Weasel ‘discovery’ in Nunavik highlights gap between local knowledge and research

Residents of Salluit, Que., regularly see weasels.

But you wouldn’t know it from the science journals.

A researcher has, for the first time, officially recorded a species of weasel in the region, but says the lack of data on the animal is more surprising than the finding itself.

Least weasels, the smallest member of the weasel family, live across a range of habitats. They’ve been seen as far north as Herschel Island in the western Arctic, at the northern tip of Baffin Island, and in landscapes across the country.

But after discovering a least weasel in their trap in Salluit, researchers Dominique Fauteux and Gregory Rand came to learn the animal had never been mapped in Nunavik.

Fauteux says his discovery in Salluit highlights a lack of data in northern wildlife research. He says that data is important to create a baseline from which to compare changes in the environment. (CBC)

Fauteux said the discovery exemplifies a disconnect between western research and local knowledge.

“Well, the people there, they already knew it was there. So clearly the lack of communication made these maps incorrect,” he said.

He said creating records of wildlife data in the North is critical to keep track of changes as the climate warms.

“The call is really to gather data for baselines so that we can compare the future of those areas with what’s happening today.”

Fascinating and worrying

Michael Cameron has lived in Saluit for nearly 40 years. He said the community does see weasels, but that there is only one Inuktitut word for weasel — tigiaq — and that Inuktitut speakers don’t differentiate between types of species.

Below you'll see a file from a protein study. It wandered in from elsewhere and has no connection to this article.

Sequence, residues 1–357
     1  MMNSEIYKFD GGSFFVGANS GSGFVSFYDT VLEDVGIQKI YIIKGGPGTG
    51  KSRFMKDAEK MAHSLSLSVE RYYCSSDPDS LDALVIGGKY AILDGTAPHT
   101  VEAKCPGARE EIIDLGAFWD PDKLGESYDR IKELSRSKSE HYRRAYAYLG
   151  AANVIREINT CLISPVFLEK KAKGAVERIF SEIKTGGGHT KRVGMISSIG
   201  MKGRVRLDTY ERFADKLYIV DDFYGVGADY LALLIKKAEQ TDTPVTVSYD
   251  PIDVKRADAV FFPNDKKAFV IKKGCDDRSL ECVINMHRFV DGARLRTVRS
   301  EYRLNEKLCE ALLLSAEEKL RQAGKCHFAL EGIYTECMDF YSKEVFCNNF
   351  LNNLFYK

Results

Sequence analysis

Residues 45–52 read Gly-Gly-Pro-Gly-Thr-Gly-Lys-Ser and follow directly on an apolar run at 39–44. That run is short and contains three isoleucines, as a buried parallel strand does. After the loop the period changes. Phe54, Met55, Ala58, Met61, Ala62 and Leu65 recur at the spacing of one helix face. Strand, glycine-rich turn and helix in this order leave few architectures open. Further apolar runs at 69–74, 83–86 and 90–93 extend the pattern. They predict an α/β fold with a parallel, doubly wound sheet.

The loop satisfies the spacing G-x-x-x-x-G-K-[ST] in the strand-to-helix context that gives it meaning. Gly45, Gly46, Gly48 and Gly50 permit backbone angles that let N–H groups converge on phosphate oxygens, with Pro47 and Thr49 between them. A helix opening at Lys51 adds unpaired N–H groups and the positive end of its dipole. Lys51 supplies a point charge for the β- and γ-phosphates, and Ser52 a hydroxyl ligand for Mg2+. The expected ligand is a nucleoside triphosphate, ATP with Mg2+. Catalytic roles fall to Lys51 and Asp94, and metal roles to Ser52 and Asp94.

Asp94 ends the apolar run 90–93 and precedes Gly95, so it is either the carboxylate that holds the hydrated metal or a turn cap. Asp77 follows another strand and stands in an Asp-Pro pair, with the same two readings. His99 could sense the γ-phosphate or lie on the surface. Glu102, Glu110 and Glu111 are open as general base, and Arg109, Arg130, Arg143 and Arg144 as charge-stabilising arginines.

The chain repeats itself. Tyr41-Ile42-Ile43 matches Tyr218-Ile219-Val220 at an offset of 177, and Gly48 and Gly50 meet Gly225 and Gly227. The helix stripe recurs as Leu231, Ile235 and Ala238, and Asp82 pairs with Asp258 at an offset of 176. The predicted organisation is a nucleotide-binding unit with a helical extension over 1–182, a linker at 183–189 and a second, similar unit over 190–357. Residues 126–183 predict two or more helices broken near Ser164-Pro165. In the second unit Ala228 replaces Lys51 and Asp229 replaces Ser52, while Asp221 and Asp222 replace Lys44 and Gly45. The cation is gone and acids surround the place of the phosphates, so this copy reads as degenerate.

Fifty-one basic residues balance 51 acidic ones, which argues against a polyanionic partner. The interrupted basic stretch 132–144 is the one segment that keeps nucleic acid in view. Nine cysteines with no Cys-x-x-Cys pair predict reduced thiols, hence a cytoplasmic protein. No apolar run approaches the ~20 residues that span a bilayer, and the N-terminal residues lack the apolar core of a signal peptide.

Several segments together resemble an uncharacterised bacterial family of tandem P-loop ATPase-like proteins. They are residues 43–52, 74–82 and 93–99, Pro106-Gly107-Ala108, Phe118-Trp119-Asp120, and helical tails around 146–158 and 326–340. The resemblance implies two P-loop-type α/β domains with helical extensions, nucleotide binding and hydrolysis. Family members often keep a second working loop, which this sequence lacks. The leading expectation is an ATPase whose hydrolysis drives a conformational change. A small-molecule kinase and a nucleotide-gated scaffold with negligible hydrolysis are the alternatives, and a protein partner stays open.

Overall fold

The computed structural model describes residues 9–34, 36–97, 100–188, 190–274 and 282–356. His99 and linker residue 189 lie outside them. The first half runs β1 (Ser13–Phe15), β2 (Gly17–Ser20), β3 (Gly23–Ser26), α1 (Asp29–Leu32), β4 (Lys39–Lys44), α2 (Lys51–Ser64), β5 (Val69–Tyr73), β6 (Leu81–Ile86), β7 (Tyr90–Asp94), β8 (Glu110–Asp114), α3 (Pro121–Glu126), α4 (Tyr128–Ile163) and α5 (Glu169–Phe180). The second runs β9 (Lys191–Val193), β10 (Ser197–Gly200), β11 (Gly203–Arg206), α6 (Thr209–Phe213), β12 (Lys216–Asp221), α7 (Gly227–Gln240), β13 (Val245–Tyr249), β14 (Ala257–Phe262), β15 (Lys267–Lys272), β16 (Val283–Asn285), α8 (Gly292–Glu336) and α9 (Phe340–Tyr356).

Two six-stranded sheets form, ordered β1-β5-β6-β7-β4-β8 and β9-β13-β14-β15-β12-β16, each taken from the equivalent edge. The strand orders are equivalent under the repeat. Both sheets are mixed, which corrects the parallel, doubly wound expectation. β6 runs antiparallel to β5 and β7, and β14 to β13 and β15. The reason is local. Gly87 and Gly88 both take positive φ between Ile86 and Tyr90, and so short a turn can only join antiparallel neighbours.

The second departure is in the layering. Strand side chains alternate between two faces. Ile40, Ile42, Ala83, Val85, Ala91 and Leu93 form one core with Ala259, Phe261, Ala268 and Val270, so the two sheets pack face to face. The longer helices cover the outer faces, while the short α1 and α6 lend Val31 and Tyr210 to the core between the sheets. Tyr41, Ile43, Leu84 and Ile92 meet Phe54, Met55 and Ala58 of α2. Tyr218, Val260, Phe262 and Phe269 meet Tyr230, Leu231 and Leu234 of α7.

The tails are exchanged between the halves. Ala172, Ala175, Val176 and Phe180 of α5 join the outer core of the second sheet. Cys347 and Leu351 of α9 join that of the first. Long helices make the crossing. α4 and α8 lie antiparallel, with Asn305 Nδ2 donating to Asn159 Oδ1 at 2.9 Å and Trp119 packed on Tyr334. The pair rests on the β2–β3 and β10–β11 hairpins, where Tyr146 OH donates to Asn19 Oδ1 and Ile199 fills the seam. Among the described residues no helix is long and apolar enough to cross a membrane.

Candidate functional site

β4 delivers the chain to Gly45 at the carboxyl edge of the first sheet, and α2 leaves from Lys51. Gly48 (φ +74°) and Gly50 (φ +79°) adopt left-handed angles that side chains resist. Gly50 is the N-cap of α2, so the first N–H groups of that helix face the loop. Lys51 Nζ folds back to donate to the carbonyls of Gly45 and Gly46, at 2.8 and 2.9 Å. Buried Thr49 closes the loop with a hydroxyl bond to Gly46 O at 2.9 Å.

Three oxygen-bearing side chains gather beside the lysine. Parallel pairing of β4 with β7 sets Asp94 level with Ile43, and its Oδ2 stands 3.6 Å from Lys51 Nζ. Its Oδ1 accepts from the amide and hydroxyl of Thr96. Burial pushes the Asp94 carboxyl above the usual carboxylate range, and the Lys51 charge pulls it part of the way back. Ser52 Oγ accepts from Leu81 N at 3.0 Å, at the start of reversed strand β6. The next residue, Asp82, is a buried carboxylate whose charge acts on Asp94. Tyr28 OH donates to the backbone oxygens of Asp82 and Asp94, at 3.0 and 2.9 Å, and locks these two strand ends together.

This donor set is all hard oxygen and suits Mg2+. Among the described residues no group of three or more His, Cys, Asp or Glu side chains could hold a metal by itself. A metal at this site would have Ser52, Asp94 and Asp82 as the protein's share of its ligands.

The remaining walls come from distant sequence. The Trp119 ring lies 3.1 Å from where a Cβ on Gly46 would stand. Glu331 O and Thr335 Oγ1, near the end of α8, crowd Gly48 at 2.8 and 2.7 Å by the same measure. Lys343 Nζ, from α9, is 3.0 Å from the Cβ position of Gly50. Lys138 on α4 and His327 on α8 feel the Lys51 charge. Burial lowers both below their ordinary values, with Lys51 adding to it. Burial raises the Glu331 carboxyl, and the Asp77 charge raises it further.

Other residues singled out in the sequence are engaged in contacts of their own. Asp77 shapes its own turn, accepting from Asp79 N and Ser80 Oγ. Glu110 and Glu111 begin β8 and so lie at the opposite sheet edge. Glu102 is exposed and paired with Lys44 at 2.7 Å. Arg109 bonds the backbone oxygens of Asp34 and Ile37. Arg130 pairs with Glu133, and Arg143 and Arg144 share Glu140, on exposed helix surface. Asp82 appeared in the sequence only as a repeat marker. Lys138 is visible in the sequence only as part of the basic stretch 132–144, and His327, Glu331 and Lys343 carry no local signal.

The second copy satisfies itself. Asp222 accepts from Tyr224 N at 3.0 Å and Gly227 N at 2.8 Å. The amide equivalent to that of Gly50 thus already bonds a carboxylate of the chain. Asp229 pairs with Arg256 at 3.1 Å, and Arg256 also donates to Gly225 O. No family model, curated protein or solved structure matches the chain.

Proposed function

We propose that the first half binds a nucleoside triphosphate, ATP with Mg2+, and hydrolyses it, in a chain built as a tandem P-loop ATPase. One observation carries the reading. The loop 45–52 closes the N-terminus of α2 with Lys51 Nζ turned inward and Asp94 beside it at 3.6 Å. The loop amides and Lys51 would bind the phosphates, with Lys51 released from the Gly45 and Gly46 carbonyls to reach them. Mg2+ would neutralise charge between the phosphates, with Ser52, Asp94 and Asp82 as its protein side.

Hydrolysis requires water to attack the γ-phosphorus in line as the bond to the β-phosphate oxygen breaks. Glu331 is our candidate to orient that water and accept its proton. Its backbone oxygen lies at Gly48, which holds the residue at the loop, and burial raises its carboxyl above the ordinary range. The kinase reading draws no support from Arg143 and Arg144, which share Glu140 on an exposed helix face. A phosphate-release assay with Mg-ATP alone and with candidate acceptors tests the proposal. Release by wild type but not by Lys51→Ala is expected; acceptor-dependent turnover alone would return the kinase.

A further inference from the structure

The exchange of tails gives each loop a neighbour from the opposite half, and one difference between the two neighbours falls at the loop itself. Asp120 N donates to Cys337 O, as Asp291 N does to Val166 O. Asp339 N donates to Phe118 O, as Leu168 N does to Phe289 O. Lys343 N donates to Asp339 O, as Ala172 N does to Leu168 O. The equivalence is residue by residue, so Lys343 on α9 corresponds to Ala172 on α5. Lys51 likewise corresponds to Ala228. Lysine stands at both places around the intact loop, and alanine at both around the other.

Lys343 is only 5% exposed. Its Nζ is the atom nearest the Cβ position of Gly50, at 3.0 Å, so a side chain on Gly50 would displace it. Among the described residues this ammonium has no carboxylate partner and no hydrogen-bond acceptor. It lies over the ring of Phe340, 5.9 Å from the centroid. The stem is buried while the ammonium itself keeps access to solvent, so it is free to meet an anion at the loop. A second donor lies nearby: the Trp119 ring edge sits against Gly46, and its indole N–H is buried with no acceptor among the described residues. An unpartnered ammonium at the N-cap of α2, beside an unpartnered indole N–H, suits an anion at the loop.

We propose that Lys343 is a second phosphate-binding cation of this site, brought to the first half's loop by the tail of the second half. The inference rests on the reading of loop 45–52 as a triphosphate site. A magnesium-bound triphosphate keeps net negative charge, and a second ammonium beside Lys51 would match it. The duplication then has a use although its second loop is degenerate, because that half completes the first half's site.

For that reason, he said, it’s not clear if the least weasel has been in Nunavik all along.

Pointy-faced furry mammal.
Least weasels, the smallest member of the weasel family, live across a range of habitats and have been seen throughout Canada. Residents of Salluit say they regularly see weasels on the land. (Gregory Rand)

Cameron said tracking that information is becoming increasingly important as more animals migrate north.

“In one sense it’s fascinating, and [in] the other sense it’s worrisome if they come in as invasive species,” he said. He pointed to black bears as an example of an animal that isn’t native to the North, but which is being seen more and more around Salluit.

“To identify the different species is good,” he said, “so that they’re recorded and we get to see what we truly have in the region.”

Paulusie Padlayat, 18, is a hunter who has lived in Salluit all his life. He said he regularly sees weasels out on the land.

It’s not a new observation, either — Padlayat said he’s been seeing them since he joined his father hunting as a kid.

‘It happens every year’

For NWT biodiversity biologist Suzanne Carriere, the “discovery” already known to locals is unsurprising.

“It happens to me every year,” she said. “Somebody saying, ‘We found this and it’s never been discovered before,’ but it was always there. It was just there for people to see it.”

She said biodiversity monitoring programs are not tailored for the North, but that lack of infrastructure, in part, contributes to a rich biodiverse landscape.

It’s “highly important”, she said, that we record the information.

“How are we tracking new species if we don’t know what was there before and what is actually new?”

Carriere said the advent of the internet and technology has helped progress non-invasive monitoring like cameras, new types of sampling and online databases.

Increased communication through social media and through dialogue with locals is part of that too.

Data-deficient, but ‘full of knowledge’

Cameron, from Salluit, is a warden co-ordinator with the Kativik Regional Government but on top of his day job, he volunteers with researchers coming into the community. Cameron helps to co-ordinate logistics and has recently begun connecting researchers with community members.

In Fauteux’s case, he collaborated with the high school and elementary school to share information on his research and hear about the students’ observations.

Fauteux said he plans to maintain that dialogue as he continues monitoring the weasels in the coming years.

“So many areas are data-deficient, but they’re full of knowledge. So we’ve got to work with this and [form] the collaboration between the scientists and the communities in the north.”